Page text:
Hippo Seacoast – Gallagher goes fruit free

Gallagher is primarily known for his work with a sledgehammer, which tends to get in the way of his ideas for solving the world’s problems. Before becoming a prop comic, Gallagher earned a degree in chemical engineering from the University of South Florida, and he regularly attends the Consumer Electronics Show in Las Vegas to pitch his ideas.

On the phone recently from a tour stop in Tacoma, he talked about one of them, a design for a Subatomic Action Figure that would help explain the innards of iPods and cell phones to youngsters. “I try to get the companies to back me on this,” he said. “If Lucent or Sony were behind it, that would have a lot more validity than a guy who smashes watermelons.”

The Tampa resident also wonders why no one’s drafted James Cameron to tackle the Gulf oil spill. “He did a lot of research on underwater vehicles. If you can find the Titanic, you should be able to go down a mile and cap off this leak.”

He has a plan to build family reunion resorts, but the producers of Extreme Home Makeover rebuffed it.  He’d like to mount a Wild West Show, starring injured NBA star Yao Ming, and tour China.

Then there are his questions of the ages, many of which are detailed in the World’s Smartest Man section of his web site (www.gallaghersmash.com). “I talk about gray areas,” he says.  “How we can’t decide whether something is up or down, left or right, black or white an adult or a child, a citizen or an alien, a tax or a fee, a black person or white person, boy or girl, truck or car.  There’s no meaning anymore in life and our society, and I talk about this.”

Most of his musings are more fanciful than serious. He is, after all, a stand up comic – one of the most successful of all time.  “I wonder why old people don’t have gangs,” he says. “Because they have nothing to lose; they’re already old, so putting them in jail is no big thing. They don’t mind if you kill ’em.   They could be a gang and they’d already have vehicles – instead of motorcycles, those little scooters.”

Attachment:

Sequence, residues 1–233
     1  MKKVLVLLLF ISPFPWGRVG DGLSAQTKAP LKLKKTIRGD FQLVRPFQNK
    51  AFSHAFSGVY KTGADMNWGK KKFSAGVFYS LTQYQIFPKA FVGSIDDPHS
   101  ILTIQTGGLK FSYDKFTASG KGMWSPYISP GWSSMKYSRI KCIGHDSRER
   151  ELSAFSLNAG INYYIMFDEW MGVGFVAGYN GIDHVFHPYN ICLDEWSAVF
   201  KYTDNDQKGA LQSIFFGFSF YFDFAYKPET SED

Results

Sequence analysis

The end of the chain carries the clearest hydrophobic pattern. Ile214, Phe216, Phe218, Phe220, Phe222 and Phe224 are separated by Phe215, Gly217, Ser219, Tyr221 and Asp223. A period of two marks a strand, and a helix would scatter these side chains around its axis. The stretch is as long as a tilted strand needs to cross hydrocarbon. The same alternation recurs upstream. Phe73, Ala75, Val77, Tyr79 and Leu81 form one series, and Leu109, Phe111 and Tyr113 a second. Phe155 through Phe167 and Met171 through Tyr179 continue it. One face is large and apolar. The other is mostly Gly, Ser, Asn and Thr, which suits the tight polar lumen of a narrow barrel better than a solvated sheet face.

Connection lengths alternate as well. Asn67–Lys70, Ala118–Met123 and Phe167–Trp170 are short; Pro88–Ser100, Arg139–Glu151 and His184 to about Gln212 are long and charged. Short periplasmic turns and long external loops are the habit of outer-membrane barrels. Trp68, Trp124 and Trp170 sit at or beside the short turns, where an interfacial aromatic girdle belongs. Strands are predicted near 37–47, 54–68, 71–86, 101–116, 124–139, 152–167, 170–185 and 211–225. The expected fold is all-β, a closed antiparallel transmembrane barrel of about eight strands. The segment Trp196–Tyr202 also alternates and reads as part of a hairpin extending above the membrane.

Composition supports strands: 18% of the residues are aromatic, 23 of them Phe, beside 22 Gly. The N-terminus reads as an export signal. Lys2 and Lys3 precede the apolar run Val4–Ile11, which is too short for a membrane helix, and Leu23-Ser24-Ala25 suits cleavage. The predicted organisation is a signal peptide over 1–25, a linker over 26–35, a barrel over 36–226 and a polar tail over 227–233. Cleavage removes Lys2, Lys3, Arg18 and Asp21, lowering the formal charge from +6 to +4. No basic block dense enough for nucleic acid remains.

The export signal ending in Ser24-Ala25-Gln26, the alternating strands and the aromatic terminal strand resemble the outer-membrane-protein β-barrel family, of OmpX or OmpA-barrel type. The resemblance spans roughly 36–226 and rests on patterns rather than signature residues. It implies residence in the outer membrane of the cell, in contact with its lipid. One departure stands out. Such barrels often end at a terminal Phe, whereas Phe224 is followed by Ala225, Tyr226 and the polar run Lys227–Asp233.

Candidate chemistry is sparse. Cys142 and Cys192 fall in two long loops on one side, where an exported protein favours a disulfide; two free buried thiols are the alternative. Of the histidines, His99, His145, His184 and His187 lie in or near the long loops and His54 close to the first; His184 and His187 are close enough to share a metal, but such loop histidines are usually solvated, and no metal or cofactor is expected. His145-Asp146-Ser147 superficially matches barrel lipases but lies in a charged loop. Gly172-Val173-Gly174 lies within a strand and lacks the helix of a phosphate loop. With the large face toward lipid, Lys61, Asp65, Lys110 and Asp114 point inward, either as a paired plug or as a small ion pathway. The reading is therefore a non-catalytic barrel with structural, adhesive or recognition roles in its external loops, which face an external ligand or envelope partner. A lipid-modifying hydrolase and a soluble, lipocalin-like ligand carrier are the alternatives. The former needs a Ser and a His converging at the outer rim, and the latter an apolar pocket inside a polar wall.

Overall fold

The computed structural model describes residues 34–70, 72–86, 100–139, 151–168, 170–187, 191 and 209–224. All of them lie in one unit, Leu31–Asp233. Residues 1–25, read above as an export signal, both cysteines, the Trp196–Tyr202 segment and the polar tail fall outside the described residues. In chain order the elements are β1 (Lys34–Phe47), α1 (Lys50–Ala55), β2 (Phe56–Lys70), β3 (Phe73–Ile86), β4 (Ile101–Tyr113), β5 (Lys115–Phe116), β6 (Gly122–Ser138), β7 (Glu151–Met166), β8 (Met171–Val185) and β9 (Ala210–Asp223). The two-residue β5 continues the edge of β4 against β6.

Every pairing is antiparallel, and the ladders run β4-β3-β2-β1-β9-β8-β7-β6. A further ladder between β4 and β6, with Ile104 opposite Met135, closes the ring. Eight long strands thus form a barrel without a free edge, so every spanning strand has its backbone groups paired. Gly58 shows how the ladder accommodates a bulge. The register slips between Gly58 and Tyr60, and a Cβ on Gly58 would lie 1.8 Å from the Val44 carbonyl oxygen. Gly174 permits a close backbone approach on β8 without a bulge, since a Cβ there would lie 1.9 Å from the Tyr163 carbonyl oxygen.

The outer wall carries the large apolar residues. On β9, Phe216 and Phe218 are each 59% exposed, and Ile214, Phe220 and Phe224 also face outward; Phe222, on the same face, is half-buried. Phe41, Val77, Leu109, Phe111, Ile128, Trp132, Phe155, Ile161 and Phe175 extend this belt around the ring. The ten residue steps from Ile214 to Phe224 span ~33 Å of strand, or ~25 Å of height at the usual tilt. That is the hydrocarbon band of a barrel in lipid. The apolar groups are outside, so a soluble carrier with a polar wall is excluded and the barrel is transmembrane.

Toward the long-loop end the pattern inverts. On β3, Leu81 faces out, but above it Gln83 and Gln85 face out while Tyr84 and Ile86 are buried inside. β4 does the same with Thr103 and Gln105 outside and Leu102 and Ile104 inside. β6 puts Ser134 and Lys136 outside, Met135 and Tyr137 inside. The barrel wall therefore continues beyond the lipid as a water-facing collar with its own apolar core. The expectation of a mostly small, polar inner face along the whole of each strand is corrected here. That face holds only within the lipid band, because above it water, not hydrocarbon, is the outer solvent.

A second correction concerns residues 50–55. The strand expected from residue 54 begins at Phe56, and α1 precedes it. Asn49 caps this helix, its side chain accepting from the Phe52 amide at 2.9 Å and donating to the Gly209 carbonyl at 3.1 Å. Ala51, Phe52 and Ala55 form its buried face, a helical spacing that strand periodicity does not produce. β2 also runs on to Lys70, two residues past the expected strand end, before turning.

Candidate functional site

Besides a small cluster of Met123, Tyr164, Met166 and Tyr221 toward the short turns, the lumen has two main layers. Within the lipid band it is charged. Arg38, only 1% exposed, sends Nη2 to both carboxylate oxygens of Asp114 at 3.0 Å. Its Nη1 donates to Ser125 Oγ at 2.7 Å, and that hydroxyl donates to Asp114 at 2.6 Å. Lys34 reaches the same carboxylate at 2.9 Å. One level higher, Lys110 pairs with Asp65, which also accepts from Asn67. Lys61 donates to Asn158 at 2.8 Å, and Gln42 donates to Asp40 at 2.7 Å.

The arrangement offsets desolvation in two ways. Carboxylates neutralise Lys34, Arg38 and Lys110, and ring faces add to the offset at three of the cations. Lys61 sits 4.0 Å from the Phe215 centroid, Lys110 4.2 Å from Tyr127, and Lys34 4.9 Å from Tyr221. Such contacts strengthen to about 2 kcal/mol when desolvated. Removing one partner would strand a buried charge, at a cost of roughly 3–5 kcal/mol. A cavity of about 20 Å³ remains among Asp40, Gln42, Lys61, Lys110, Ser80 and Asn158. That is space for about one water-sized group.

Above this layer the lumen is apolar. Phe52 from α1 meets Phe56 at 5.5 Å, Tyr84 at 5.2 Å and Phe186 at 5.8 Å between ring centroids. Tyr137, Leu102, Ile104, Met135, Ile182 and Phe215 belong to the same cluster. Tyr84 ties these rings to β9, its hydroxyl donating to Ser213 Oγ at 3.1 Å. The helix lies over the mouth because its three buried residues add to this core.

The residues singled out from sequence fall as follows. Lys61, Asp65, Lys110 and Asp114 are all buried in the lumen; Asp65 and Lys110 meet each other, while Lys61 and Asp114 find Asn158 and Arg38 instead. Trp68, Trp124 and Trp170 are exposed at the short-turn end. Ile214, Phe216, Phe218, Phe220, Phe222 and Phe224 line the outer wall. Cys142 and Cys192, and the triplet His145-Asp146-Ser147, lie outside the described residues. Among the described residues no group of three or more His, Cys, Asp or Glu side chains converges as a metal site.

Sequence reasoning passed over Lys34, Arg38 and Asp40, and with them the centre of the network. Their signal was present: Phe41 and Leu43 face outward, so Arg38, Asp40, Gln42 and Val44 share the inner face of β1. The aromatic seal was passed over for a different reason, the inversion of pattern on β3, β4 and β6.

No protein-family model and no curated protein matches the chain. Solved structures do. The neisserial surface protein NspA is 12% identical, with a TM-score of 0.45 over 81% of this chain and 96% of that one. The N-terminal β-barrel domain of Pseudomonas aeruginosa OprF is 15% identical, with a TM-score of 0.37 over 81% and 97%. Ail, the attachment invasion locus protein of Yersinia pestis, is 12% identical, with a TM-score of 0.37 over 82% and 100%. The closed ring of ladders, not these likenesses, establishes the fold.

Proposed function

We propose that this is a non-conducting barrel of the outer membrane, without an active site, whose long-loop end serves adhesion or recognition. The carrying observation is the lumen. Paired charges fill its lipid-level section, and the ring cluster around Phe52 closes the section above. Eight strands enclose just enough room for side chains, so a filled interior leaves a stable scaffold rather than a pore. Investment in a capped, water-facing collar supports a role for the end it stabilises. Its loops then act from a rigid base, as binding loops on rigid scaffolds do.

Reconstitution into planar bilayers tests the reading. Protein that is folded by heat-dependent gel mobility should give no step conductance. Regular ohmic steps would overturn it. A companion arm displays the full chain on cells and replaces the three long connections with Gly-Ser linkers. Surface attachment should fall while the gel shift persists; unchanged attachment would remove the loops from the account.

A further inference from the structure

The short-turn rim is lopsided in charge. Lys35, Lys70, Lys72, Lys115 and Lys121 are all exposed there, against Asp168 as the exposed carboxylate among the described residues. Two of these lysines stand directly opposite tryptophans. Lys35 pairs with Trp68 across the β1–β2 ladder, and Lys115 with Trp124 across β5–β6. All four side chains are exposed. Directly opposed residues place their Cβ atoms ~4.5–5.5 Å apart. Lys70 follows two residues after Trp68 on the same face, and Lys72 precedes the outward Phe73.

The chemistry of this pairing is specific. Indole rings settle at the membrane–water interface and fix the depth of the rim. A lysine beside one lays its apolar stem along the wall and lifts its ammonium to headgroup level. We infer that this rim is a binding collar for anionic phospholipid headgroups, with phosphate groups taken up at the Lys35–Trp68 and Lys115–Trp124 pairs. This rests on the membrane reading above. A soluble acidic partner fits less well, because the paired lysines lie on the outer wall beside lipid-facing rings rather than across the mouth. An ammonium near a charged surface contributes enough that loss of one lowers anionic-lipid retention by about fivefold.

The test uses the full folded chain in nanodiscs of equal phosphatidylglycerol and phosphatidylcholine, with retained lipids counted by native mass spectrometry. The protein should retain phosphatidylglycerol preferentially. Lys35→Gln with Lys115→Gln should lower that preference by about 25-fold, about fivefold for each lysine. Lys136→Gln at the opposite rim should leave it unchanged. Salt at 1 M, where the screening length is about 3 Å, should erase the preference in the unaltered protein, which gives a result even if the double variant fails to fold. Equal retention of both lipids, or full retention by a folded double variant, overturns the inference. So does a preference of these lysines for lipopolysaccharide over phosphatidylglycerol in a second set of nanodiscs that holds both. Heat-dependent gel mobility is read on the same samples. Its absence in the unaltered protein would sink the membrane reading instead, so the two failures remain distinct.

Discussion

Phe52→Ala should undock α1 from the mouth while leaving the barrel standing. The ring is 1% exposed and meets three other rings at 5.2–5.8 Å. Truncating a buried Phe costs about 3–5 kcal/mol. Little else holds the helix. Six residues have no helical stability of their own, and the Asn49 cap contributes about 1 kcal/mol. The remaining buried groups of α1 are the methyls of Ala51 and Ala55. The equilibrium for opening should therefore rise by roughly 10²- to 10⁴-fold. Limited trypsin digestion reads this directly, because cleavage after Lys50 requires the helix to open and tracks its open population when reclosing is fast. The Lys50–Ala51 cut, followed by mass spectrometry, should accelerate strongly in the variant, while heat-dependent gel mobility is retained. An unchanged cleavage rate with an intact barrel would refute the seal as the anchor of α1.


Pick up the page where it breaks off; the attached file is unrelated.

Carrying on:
This offbeat wit forms most of Gallagher’s act, but more than a few people can be counted on to arrive with plastic sheets in tow, waiting for his signature prop, the Sledge-O-Matic. However, some shows, like the one happening this Saturday, July 3 at Jonathan’s in Ogunquit, are pre-advertised as “smash-free.”

Isn’t that a bit like Lynyrd Skynyrd refusing to play “Free Bird”? Gallagher doesn’t think so.

“My audience is old enough now that they can see from my videos that I have a lot more than just smashing,” he says.  “They don’t mind. I still have a fairly crazy show.”

During his early 80’s heyday, Gallagher routinely sold out theatres. These days, after a heart attack forced him to take a break that his brother Ron tried to capitalize on with a Gallagher II show (which a lawsuit later shut down), the comic must out of necessity play a wider range of venues.

He views this adaptability as an asset. “I have to have a lot of different skills and material,” he says, “because I’ve been doing this for 30 years and I think I’m about the best guy you can hire to do a show anywhere in America.  There are plenty of comics that can work in L.A. or New York, but can’t work in the middle.

But it’s also created some problems.  “I don’t like stupid people who won’t shut up and can’t handle their alcohol,” says Gallagher. “Whether or not there’s alcohol changes the show.” He’s not afraid to berate audience members who cross the line.  At a recent New York City comedy club performance (captured by several cell phones and uploaded to YouTube), his dressing down of an inebriated couple in the front row seemed to last longer as his act.

In an era where reality television has fans asserting equal footing with the person onstage, Gallagher maintains control, even if it alienates the audience. “I don’t want them to be quiet, I’m there live and it is a live experience – but up to a point,” he says.  “When it becomes their show and not my show, they have to back off.  I just tell the truth. I say the world doesn’t revolve around you, other people paid to see a Gallagher show, and you haven’t been funny yet.”

Warming up to the idea, he continues.  “I think that’s why I’m not on television.  People find the truth too dangerous. They really don’t want phone calls, emails and problems.  I like it.  I am a troublemaker.  Anybody who will smash fruit on people is also going to smash their revered concepts.   I think that’s what it’s all about.   Comedians give you a fresh point of view – especially about things that you thought were important.”

Of course, that doesn’t mean Gallagher takes himself too seriously.  “I’m still just a joke writer, commenting on the passing American scene,” he says. “People are always going to be goofy.”

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